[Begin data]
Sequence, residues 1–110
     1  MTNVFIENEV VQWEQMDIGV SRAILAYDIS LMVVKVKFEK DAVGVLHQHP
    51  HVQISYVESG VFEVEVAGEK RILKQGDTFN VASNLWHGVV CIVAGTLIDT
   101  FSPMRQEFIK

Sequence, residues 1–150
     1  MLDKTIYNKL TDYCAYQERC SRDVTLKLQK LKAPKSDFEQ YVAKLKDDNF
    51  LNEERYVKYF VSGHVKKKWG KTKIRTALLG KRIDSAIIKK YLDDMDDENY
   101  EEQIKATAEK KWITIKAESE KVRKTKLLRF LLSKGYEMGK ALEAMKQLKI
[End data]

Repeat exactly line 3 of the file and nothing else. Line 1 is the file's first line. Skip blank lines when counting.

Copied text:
    51  HVQISYVESG VFEVEVAGEK RILKQGDTFN VASNLWHGVV CIVAGTLIDT